Do Beauty Influencers Have a Responsibility to Not to Spread Misinformation?
Uh, yeah. Especially when it has to do with, say, a potential pandemic.
A few weeks ago, Michelle Phan, beauty guru, YouTube legend, bitcoin connoisseur, and owner and founder of Em Cosmetics, made a rather dubious claim on her Instagram story. In response to the coronavirus (or COVID-19) outbreak, she took a picture of her essential oil burner with the following caption: “Our first point of contact for viruses is our nose. If you are burning antiviral essential oils around you this will kill off the virus before it enters your system. Tea tree, Lavender, Clove Bud, Lemon, Ravensara, and Eucalyptus Globulus.”
— Dr Pimple Popper (@SandraLeeMD) February 3, 2020
Well, as expected, the internet swiftly came to attack Phan and her claims about essential oils. Dr. Sandra Lee (aka Dr. Pimple Popper) took to her Twitter page and shared a screenshot of Phan’s post, simply stating “Sorry, antiviral essential oils DO NOT EXIST”. Michelle responded and said her intention wasn’t to purposefully mislead, and that her nurse friend gave her this information.
My friend who’s a nurse and into holistic care shared with her friends and family detailed tips that help boost the immune system. I reshared. My intention wasn’t to mislead, but thank you for enlightening me.
— 𝓜𝓪𝓰𝓲𝓬 (@MichellePhan) February 3, 2020
But then, she later doubled down on her pseudoscience beliefs in another series of Instagram Story posts, stating:
“I used to be a skeptic, until my limited options lead me to giving alternative medicine a try. [Side note: This is in reference to a medical issue Michelle was having a few years ago.] The moral of the story isn’t to discredit modern medicine, science or any industries. The point I’m making is, we don’t know everything. In the name of science, we should always question everything in pursuit of truth. Even if it goes against what you know and believe. So, if you wanna use essential oils. Use crystals. Do soundbaths. DO YOU.”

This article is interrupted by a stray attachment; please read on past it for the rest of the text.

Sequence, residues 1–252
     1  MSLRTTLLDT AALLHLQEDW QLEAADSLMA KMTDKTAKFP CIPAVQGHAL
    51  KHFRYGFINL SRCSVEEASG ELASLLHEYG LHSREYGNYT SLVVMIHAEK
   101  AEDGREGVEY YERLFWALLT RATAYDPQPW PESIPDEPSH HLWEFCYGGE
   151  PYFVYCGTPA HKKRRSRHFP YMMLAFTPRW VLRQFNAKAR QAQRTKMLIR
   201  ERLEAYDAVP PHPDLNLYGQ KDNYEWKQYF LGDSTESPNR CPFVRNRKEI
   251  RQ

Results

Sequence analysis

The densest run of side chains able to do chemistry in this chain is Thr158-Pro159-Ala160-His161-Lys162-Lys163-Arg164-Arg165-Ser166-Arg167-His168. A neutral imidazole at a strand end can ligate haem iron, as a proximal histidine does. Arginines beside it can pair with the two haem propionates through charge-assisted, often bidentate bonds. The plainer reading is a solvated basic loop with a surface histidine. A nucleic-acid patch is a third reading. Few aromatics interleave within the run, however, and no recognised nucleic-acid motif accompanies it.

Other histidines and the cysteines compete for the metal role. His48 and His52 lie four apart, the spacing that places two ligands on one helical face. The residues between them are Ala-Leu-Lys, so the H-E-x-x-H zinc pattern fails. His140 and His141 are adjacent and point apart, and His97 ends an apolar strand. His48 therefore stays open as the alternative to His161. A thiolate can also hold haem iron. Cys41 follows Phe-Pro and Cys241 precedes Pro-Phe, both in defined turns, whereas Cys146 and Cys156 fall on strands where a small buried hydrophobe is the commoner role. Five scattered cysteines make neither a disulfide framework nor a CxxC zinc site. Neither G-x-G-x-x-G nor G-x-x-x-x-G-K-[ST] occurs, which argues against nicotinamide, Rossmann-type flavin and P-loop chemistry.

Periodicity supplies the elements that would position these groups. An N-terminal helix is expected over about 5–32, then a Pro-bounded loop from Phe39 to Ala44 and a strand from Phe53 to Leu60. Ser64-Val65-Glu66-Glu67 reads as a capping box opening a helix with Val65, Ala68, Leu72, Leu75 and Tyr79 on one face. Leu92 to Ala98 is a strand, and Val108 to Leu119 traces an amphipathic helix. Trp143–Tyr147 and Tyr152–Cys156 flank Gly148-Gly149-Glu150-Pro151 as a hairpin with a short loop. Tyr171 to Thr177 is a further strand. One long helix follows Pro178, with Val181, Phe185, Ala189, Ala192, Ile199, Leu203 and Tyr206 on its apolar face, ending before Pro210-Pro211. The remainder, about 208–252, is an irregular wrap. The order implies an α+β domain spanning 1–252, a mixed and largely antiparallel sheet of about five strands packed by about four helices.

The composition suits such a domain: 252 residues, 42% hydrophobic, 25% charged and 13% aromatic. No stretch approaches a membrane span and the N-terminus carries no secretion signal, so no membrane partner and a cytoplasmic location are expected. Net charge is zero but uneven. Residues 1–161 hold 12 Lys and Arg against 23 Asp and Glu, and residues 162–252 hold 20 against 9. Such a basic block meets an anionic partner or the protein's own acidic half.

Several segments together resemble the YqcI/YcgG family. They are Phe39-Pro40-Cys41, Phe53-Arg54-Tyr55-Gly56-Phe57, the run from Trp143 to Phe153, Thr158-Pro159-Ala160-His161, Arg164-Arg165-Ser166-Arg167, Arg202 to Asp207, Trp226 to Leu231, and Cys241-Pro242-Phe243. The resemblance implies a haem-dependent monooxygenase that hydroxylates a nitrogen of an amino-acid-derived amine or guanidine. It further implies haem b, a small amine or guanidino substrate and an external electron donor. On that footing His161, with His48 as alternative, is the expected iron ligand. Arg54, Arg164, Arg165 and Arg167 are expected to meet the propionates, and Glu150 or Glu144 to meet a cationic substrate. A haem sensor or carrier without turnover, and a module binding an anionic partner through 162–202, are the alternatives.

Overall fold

Which okay, fine, cool, do you, but none of these things are proven to help any sort of illness or disease, which she is, in so many words, claiming they do.
So. This is all just incredibly disappointing coming from someone who’s regarded as the pioneer of beauty YouTube and has millions of followers that listen to her and take what she says seriously. Just in case you were wondering, no, burning essential oils WILL NOT protect you from COVID-19 (or any virus for that matter). This isn’t a matter of opinion, this is a known fact. And as the virus has the increasing potential to become a global pandemic, this isn’t just misinformation, it’s a cruel way of promoting your beliefs to people who are currently living in fear and are desperate to try anything to avoid getting sick. And not only that, now you have a bunch of people potentially burning essential oils instead of washing their hands properly and sanitizing their homes, two of the real, proven ways to prevent getting sick. A mess!
And listen, I’m here for beauty gurus and influencers chasing waterfalls, but this is a time Michelle should have stuck to the lakes that she’s used to. In other words, sometimes (most of the time) we don’t need influencer hot takes about current events. This is why we have group chats! Tell your friends about burning essential oils, not your millions of young and impressionable fans! When I want to know about how to prevent contracting the coronavirus (P.S. there’s really no need to worry, the flu is deadlier and is actually more of a threat here in the U.S.), I’ll contact a doctor or medical professional.
So I want to open the floor for discussion. What do you think about this Michelle Phan coronavirus issue? And what do you think about influencers spreading misinformation online in general? Do you think they should be held responsible in tangible ways like deplatforming or being banned? Let me know what you think in the comments!